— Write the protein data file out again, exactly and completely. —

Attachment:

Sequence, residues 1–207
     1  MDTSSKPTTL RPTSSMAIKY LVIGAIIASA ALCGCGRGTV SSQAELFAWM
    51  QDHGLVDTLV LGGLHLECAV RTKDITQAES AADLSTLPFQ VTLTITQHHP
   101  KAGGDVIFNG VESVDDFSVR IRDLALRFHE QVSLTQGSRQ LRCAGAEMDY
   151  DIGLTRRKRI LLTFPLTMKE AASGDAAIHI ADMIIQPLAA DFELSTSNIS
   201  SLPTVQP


Sequence, residues 1–207
     1  MDTSSKPTTL RPTSSMAIKY LVIGAIIASA ALCGCGRGTV SSQAELFAWM
    51  QDHGLVDTLV LGGLHLECAV RTKDITQAES AADLSTLPFQ VTLTITQHHP
   101  KAGGDVIFNG VESVDDFSVR IRDLALRFHE QVSLTQGSRQ LRCAGAEMDY
   151  DIGLTRRKRI LLTFPLTMKE AASGDAAIHI ADMIIQPLAA DFELSTSNIS
   201  SLPTVQP